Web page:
keywords = "regional policy, devolution, Wales, economic models, government finance",
author = "P.G. McGregor and J.K. Swales and K. Turner and Calvin Jones and M. Munday and A. Roberts",
year = "2004",
month = "6",
language = "English",
type = "WorkingPaper",

}

TY - UNPB

T1 - The Richard commission and the financing of devolved government

T2 - the economics of devolution in Wales: Briefing No. 8

AU - McGregor, P.G.

AU - Swales, J.K.

AU - Turner, K.

AU - Jones, Calvin

AU - Munday, M.

AU - Roberts, A.

PY - 2004/6

Y1 - 2004/6

N2 - If the Barnett formula is rigorously applied to determine the budget of the Welsh Assembly Government, this will ultimately adversely affect the economy of Wales by limiting the growth in aggregate demand. This effect is reinforced now that population weights determining rises in expenditure in Wales (and Scotland and Northern Ireland) are regularly up-dated. There is some controversy in Wales about whether some form of needs-assessment exercise would favour Wales relative to its current position. What is clear is that the outcome of a rigorous, long term application of the Barnett formula would be a share of UK public expenditures in Wales (and Scotland and Northern Ireland) that was almost certainly below the level that would be dictated by any conventional understanding of 'needs'. The impact of the tax-varying power favoured by the Richard Commission is ambiguous, with the direction of effects dependent on the reaction of the current labour force and potential migrants. If workers insist on full compensation for loss of income to tax through a rise in gross wages a tax rise would lead to an economic contraction. However, if workers value the additional public services financed by the tax rise as equal to their loss of disposable income, this effect can be avoided. Much in other words would depend on how the proceeds of the tax rise were spent

AB - If the Barnett formula is rigorously applied to determine the budget of the Welsh Assembly Government, this will ultimately adversely affect the economy of Wales by limiting the growth in aggregate demand. This effect is reinforced now that population weights determining rises in expenditure in Wales (and Scotland and Northern Ireland) are regularly up-dated. There is some controversy in Wales about whether some form of needs-assessment exercise would favour Wales relative to its current position. What is clear is that the outcome of a rigorous, long term application of the Barnett formula would be a share of UK public expenditures in Wales (and Scotland and Northern Ireland) that was almost certainly below the level that would be dictated by any conventional understanding of 'needs'. The impact of the tax-varying power favoured by the Richard Commission is ambiguous, with the direction of effects dependent on the reaction of the current labour force and potential migrants. If workers insist on full compensation for loss of income to tax through a rise in gross wages a tax rise would lead to an economic contraction. However, if workers value the additional public services financed by the tax rise as equal to their loss of disposable income, this effect can be avoided. Much in other words would depend on how the proceeds of the tax rise were spent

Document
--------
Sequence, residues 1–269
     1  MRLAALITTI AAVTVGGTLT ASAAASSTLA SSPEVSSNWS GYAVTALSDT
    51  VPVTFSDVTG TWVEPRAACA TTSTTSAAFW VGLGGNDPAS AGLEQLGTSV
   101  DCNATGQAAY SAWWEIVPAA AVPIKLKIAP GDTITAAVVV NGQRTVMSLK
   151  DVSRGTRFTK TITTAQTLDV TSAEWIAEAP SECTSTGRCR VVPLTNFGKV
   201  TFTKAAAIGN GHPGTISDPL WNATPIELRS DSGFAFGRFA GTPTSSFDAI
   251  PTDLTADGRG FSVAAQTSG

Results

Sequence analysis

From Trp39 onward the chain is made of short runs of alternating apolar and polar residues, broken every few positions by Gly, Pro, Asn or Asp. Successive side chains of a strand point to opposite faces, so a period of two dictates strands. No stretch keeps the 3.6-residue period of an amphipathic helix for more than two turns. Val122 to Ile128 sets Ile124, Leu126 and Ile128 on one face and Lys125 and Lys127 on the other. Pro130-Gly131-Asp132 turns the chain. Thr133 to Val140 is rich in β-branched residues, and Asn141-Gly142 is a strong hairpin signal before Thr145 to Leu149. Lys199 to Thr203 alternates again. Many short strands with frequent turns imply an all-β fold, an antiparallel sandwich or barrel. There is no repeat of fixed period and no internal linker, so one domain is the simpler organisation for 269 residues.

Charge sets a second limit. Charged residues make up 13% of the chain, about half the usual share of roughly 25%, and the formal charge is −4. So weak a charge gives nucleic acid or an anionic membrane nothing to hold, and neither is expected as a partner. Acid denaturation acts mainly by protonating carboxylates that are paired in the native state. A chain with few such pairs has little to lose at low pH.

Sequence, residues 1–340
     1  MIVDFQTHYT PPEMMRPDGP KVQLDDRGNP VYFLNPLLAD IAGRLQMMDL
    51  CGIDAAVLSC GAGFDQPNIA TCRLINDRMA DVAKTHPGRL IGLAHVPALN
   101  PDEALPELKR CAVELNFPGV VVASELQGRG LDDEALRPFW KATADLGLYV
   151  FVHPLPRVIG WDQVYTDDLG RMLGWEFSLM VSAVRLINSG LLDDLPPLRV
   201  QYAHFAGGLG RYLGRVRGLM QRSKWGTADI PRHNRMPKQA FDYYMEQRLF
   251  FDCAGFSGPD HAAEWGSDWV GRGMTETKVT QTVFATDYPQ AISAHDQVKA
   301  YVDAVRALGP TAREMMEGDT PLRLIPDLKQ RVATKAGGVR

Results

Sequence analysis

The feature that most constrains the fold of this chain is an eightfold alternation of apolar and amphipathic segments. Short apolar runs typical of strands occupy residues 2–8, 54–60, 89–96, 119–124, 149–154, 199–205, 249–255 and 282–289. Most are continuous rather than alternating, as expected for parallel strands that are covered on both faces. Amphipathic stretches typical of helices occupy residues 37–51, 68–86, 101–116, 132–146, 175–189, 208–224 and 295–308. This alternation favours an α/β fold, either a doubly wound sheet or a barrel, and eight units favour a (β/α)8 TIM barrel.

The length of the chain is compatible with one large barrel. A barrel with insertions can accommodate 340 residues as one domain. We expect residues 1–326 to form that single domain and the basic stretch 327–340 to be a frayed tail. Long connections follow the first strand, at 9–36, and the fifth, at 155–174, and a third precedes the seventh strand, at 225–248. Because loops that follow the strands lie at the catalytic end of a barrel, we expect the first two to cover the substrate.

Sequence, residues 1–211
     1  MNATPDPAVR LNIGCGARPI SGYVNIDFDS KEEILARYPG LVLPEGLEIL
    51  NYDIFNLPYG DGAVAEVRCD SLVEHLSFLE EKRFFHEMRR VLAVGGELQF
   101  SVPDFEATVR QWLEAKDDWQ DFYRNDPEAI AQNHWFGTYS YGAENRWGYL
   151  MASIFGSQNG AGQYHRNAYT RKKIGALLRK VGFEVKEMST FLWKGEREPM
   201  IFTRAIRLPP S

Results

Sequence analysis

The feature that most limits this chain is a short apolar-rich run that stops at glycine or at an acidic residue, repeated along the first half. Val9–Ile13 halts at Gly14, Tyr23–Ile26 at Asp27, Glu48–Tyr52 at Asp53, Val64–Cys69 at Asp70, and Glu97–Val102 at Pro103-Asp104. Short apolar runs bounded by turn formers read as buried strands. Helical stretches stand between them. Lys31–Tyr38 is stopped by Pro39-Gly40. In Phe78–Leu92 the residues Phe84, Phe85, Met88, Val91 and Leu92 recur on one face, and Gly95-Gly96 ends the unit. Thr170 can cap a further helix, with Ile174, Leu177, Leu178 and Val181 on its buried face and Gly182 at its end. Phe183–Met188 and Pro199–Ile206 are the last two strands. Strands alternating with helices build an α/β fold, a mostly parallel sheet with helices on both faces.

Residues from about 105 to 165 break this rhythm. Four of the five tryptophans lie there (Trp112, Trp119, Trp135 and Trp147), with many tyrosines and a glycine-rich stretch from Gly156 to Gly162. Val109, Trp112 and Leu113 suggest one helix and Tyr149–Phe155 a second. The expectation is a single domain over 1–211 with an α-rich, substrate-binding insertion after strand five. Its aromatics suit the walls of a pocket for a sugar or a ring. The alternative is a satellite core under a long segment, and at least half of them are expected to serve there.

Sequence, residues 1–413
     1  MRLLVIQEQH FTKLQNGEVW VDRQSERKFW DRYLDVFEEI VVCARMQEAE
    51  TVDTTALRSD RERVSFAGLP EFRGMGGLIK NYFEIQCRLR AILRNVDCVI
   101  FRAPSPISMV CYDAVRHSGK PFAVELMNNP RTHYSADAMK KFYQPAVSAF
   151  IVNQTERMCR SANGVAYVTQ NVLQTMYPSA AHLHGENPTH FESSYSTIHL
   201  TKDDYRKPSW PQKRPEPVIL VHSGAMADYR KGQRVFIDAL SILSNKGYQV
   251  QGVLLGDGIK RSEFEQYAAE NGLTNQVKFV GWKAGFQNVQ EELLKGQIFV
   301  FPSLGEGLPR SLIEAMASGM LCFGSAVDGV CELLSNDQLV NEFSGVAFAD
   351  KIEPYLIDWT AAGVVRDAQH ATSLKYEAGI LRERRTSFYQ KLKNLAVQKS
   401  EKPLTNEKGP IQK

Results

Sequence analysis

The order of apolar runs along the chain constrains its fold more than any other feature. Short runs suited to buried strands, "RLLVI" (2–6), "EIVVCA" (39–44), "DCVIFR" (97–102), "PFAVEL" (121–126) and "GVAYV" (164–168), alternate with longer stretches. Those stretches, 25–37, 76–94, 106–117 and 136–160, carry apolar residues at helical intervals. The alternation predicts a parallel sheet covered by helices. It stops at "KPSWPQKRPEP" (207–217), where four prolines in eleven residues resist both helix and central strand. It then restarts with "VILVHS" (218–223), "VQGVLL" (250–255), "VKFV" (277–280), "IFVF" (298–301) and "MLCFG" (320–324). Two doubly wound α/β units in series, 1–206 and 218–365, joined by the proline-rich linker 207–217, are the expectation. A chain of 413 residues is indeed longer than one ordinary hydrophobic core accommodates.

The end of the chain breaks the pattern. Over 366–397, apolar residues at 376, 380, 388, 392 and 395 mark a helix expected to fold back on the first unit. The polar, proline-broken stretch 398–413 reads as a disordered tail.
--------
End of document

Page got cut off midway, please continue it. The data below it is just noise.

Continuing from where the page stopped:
KW - regional policy

KW - devolution

KW - Wales

KW - economic models

KW - government finance

M3 - Working paper

BT - The Richard commission and the financing of devolved government

ER -